The streets of Redfern have been transformed by a sea of red, black and yellow flags with thousands gathering in Sydney to march for indigenous rights.
Organiser Ken Canning from Fighting In Resistance Equally said he hoped the Invasion Day rally would draw attention to Aboriginal deaths in custody and that he was grateful for the support of non-Aboriginal Australians.
"The idea here is to engage the general public because our political spectrum around the country, except for maybe the Greens party ... they ignore the calls of Aboriginal people," he told AAP ahead of the Friday's event.
The march, which included many non-indigenous Australians, began at The Block in Redfern and wound through the streets to Victoria Park, where attendees dispersed into the Yabun indigenous culture festival.
Among the crowd were ex-AFL players Adam Goodes and Michael O'Loughlin wearing Aboriginal flag t-shirts and snapping photos with fans.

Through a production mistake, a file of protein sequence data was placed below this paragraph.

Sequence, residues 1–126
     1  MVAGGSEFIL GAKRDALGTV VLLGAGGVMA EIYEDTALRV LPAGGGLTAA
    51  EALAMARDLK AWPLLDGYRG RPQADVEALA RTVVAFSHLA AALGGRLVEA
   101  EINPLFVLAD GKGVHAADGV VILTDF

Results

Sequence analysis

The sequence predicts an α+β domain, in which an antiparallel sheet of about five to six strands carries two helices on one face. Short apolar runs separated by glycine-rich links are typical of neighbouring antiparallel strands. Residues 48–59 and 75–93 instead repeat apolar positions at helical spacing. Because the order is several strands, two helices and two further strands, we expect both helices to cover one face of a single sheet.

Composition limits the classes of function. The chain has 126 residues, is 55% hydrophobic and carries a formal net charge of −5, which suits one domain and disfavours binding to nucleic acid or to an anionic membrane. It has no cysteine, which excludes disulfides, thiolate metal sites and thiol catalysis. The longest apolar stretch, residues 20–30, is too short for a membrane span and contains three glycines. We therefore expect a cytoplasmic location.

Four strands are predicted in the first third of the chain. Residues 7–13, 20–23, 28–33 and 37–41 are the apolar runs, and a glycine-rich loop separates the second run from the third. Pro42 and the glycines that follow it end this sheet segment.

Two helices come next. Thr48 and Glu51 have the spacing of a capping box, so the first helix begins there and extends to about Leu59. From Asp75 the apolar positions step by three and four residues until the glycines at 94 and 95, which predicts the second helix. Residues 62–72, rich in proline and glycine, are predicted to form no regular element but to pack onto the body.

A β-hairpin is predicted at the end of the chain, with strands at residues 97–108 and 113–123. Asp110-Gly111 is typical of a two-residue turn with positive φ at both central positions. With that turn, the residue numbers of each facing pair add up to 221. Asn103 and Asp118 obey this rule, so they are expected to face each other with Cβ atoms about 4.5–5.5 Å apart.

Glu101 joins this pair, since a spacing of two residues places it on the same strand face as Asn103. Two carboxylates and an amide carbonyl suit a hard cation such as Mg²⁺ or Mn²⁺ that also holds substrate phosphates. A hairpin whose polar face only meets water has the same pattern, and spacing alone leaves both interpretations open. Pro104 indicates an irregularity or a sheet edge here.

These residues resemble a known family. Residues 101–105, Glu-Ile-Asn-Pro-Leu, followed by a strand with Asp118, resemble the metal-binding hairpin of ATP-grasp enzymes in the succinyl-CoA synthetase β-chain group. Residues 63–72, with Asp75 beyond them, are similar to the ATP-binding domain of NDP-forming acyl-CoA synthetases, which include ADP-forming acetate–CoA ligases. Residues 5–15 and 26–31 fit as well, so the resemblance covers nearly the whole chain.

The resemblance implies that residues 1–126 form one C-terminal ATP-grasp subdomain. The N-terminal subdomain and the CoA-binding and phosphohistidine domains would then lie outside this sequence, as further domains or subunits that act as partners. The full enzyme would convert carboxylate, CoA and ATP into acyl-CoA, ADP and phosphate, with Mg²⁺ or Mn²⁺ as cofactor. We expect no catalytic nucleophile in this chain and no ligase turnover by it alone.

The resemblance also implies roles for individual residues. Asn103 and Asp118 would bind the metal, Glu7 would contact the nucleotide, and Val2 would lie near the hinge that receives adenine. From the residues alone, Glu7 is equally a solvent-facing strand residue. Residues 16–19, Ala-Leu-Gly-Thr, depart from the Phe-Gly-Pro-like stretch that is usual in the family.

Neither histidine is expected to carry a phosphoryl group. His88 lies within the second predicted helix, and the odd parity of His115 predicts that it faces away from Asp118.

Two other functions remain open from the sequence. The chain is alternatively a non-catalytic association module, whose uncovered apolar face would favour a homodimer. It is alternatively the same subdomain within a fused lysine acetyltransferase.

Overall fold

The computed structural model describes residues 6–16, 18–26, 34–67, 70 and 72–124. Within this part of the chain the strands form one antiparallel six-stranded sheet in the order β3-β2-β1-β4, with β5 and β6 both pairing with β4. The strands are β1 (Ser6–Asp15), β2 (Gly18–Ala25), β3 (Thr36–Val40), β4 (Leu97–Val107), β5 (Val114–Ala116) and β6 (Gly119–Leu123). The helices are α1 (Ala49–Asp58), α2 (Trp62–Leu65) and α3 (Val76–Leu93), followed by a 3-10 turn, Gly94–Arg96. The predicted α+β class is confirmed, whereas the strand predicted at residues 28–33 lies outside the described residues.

Mr Canning said January 26 marked when Aboriginal and Torres Strait Islander people were invaded by the British, which was the reason for ongoing issues in communities.
"We have the highest deaths in custody rates in the world per head of population, the highest imprisonment rates," he said.
"The only difference between Turnbull and Arthur Phillip is their dress sense and Turnbull's got a better dental plan.
"The mentality is exactly the same."
Scores of police escorted the march through closed-off streets as onlookers and tourists stopped to film the event.
"Always was, always will be, Aboriginal land" was chanted by the crowd, with Aboriginal flags flying high and not an Australian flag in sight.
The march was one of many across the country, as tensions again flared over the date to celebrate Australia Day.
NSW Greens MP David Shoebridge was adamant the campaign to change it would be successful, despite Indigenous Affairs minister Nigel Scullion recently saying indigenous people had not raised the issue with him.
"Aboriginal people that I meet with - in Redfern, Moree, Tamworth, around this state - say January 26 is deeply disrespectful," Mr Shoebridge told AAP.